As I have researched and written, these boys have grown up. I don't say that in a way to lament missing out because I was pre-occupied with writing. For the most part, they rarely saw me write. I made time for them, and sacrificed my sleep when I needed to meet a goal. Maybe I could have finished faster if I hadn't put them before my work--no, I know I could have. Instead, I tried my hardest and worked my fastest and most efficiently while also loving on them and giving them my all. And that's not something I'm embarrassed of.

Now that it is done, I don't suspect too much will change. I have a job in my field that I love already. I get to change my email signature. All this time, I have felt a dark cloud hovering over me, especially at night, reminding me that I needed to finish this thing. Sometimes, I needed to write. Sometimes, I just needed to wait for feedback. Now, though, that cloud has lifted. And even though I don't specifically know how finishing my doctorate will directly benefit me right now, it was a goal of mine. And, you know, if you are an instructor at a university, it probablyyyy isn't a bad idea to get a doctorate.

I didn't blog much about the process because I figured it'd be pretty boring and jargon-y, so I thought I'd sum up the three-year journey, even if it's just for me to remember.

In September 2011, I took my comprehensive exam and was officially a doctoral candidate. My Chair suggested that I change my study from qualitative to quantitative, so I had to re-think my project and re-write my entire prospectus. Eliot was about eight months old.

In June 2012, I had finished and received approval for my prospectus, but had trouble getting access to one of the instruments I planned to use. I was supposed to just contact the author. As it turned out, the author was dead. ?!?! I tried contacting the university she was affiliated with. I couldn't get anyone to respond to me. I felt lost and devastated. Around this time, I had a miscarriage. Both my grandmother and Chris's grandmother experienced health issues with their Alzheimer's disease and breaking their hips. It was a very tough time.

In December 2012, I felt like I was so behind. I had wasted so much time looking for this instrument without getting any responses. We moved back to Chesapeake. In the middle of the night while laying on my parents' futon in the guest bedroom (in between houses with the move) with Eliot and Chris sleeping, I found another instrument that would work. It was time to move on.

In February 2013, after we got settled in the new house, Chris would take Eliot on runs, do yard work with Eliot, and take Eliot on special adventures to the zoo and Busch Gardens to give me time to write and work on further developing my literature review to meet the 30-page requirement (an additional 15 pages, I think, from the prospectus). Eliot was two years old and I was four months pregnant with Jack.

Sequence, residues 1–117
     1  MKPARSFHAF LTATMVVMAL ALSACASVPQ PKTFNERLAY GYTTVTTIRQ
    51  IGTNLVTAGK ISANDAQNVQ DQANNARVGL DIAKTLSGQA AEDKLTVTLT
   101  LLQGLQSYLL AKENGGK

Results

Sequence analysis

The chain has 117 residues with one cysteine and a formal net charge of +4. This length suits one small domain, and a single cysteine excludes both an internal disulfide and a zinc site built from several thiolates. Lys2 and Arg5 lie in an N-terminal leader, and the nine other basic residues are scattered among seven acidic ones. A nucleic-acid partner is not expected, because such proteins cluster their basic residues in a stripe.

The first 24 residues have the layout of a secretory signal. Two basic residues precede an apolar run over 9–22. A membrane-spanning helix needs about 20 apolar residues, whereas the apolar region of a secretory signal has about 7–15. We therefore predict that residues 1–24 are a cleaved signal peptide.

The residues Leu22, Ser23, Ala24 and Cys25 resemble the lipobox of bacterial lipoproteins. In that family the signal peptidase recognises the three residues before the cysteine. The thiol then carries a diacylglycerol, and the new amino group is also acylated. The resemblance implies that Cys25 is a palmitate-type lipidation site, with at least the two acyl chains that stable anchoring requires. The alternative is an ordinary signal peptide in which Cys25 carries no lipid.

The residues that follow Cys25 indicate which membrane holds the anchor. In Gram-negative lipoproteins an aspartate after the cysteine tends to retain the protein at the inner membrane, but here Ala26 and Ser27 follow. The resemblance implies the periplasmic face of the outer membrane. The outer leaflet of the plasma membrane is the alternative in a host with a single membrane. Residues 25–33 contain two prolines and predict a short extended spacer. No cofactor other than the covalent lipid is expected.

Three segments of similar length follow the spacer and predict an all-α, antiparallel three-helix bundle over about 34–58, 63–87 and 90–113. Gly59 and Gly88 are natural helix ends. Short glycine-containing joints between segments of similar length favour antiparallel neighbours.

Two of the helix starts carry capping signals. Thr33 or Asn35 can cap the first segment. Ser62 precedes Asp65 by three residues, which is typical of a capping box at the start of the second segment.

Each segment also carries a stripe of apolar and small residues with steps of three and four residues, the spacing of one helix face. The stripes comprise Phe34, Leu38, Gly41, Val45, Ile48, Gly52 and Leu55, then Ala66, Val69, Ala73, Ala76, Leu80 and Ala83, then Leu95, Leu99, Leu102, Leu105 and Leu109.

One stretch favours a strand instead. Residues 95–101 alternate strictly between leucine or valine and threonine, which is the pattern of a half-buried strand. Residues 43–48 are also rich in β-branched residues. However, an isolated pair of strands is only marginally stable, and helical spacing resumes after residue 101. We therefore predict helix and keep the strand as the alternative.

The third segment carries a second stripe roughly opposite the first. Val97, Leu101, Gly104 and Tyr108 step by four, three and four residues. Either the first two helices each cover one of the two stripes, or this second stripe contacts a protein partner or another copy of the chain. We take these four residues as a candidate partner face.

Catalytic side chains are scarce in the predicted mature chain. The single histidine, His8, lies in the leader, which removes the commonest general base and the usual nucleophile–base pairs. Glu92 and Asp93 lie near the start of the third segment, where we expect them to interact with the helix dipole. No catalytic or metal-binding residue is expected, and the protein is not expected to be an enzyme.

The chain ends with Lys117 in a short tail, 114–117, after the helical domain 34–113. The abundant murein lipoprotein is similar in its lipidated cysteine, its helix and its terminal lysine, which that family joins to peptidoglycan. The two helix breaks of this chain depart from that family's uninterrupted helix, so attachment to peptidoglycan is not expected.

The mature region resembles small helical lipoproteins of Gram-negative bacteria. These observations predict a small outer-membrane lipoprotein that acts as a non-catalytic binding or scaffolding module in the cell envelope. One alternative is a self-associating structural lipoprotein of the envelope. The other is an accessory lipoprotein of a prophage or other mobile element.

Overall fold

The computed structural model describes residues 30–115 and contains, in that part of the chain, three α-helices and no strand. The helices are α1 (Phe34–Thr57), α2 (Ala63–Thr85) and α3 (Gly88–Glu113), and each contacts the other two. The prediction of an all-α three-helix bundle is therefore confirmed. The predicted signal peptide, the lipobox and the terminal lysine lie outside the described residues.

In May 2013, I finished my proposal and answered my committee's feedback. My research consultant, though, asked questions that I didn't know how to answer. I wasn't sure if my study could even work. I gave birth to Jack in June and allowed myself a small break. I honestly wasn't sure if my study could go on. I would lay awake at night worrying about my dissertation and feeling so utterly lost. I needed to ask questions. I needed to ask for help.

 In November 2013, I figured out the issues and answered the hard questions. I turned my proposal back in for further review to my research consultant.

In January 2014, Eliot was three and Jack was six months old. I had worked out the kinks and addressed the concerns with my study. I defended my proposal successfully. We went to Disney World! I worked on my Institutional Review Board application at night when the boys went to sleep.

In March 2014, my study made it through the Institutional Review Board (the ethics committee), a process that takes at least a month. From there, I worked on getting trained in Qualtrics in order to collect data with my instruments.

In June 2014, as Jack turned one, I collected data. I did not get enough responses at first (I needed at least 30), so I had to reach out to a larger sample. In the end, I got 39 responses. I was finally able to run my analysis.

In July 2014, I determined a relationship between the variables with a Chi-square and wrote my conclusion while I was supposed to be relaxing on vacation at the Outer Banks.

In September 2014, I received the OK from my committee and research consultant. At the end of  the month, I passed pre-defense (which is like a mock defense).

And here, October 2014, we traveled to Lynchburg for my defense. I presented my project to my committee, answered their questions, and (after I sat in the hall for a few minutes) they congratulated me as a doctor and gave me a few very minor revisions (like shortening the title). It was finally complete. After ten years of schooling after high school, I was a doctor.

And then I paused for a quick selfie in front of DeMoss.